Donald Trump attended a roundtable discussion on his tax law Thursday, where he was supposed to sell the public on the virtues of his signature legislative achievement. So, naturally, he delivered a rambling disquisition on the (nonexistent) epidemic of rape among Central American migrants and the (also, nonexistent) plague of mass voter fraud that allows Democrats to rig elections.
“In many places, like California, the same person votes many times,” the president explained. “You probably heard about that. They always like to say ‘Oh, that’s a conspiracy theory.’ Not a conspiracy theory, folks. Millions and millions of people. And it’s very hard because the state guards their records. They don’t want [you] to see it.”
Shortly after the 2016 election, Trump announced that, “In addition to winning the Electoral College in a landslide, I won the popular vote if you deduct the millions of people who voted illegally.” At the time, it seemed likely that Trump was intentionally lying to protect his image in the eyes of his supporters. After all, even as the president-elect argued that the 2016 election was plagued by voter fraud massive enough to doom Republicans in countless down-ballot races, his lawyers were working to quash Jill Stein’s proposed recounts, arguing, “All available evidence suggests that the 2016 election was not tainted by fraud or mistake.”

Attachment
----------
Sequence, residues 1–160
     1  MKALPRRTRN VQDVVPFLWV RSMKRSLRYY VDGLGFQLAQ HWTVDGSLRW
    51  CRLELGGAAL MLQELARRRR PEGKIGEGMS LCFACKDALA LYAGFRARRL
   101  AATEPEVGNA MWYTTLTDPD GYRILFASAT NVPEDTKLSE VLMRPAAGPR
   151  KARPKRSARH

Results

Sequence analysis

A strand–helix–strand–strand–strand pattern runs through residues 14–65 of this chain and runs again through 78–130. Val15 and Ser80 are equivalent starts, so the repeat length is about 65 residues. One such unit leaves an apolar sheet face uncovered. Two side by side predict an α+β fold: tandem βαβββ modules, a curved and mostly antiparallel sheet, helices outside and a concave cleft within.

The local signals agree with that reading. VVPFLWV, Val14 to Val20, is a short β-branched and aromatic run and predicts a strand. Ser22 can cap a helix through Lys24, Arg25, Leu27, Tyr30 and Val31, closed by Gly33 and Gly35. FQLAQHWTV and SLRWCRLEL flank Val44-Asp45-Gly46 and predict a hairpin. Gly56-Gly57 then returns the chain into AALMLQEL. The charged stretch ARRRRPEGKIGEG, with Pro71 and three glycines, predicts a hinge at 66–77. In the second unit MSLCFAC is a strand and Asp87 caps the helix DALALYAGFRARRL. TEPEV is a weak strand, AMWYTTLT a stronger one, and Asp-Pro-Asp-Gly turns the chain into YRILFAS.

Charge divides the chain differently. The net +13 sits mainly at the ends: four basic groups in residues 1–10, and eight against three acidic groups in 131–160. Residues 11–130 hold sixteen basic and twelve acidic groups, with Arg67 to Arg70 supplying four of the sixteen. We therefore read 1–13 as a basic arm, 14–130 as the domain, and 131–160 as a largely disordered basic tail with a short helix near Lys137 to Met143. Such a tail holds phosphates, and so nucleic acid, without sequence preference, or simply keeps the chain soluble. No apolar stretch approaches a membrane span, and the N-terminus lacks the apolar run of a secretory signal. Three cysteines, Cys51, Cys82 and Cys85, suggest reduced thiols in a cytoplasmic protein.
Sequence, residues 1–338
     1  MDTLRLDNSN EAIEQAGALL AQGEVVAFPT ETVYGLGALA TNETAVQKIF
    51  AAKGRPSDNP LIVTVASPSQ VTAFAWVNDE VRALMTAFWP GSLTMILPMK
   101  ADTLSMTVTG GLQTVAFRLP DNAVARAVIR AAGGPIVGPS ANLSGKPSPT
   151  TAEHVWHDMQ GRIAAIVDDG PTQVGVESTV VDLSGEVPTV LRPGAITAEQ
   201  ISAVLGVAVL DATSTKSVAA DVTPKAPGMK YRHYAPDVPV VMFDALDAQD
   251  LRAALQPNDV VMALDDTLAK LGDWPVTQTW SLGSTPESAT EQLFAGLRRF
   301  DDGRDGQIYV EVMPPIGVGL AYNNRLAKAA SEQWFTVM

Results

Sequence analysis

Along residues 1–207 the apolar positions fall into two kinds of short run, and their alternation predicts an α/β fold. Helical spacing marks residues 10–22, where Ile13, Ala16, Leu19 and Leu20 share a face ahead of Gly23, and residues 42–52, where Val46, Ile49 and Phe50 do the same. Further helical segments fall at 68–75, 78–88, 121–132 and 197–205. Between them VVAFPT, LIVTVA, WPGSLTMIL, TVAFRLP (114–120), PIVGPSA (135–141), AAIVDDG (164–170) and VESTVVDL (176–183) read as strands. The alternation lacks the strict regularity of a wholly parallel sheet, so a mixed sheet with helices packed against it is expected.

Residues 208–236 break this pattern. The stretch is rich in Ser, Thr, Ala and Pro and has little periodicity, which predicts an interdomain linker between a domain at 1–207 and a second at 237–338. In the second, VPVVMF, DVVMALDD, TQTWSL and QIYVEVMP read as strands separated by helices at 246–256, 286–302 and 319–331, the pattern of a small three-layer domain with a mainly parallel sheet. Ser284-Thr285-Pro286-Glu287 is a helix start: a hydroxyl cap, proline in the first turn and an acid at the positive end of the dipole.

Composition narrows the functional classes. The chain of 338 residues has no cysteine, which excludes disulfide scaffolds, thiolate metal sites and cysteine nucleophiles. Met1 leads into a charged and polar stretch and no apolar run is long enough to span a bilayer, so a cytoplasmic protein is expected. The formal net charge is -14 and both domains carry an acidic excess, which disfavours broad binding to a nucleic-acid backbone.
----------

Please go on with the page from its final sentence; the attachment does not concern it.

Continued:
And yet, it’s possible that Trump’s “mass voter fraud is not a conspiracy theory” conspiracy theory is less of a lie than a willful self-delusion: Trump has reportedly persisted in making the claim in private, over and over again, in meetings with friends and Republican congressional leaders — which is to say, people he has no plausible hope of actually persuading.
Nevertheless, Republicans were happy to use Trump’s conspiracy theory as a pretense for new voting restrictions that might insulate their party from the threat of poor and nonwhite voters. Thus, Kris Kobach’s voter fraud commission was formed. Unfortunately for fans of voter suppression, that commission was disbanded in January amid various lawsuits and resistance among state officials to honor Kobach’s data requests.
The fact that Trump is reviving the mass voter-fraud fiction now is a bit disconcerting. As a general rule, when the leader of a democratic nation announces that the opposition party is winning elections illegitimately, it’s reasonable to fear said nation’s democracy isn’t long for this Earth. That said, one can take some solace in the fact that Trump has yet to challenge the legitimacy of any specific special election that’s been held since he took office, including personally embarrassing Republican defeats, like Roy Moore’s in Alabama and Rick Saccone’s in Pennsylvania.
Of course, whether he would be willing to exercise such restraint after a much more personally embarrassing defeat in 2020 is far from certain (but the day that that becomes our top concern about Donald Trump will be a very fine day, indeed).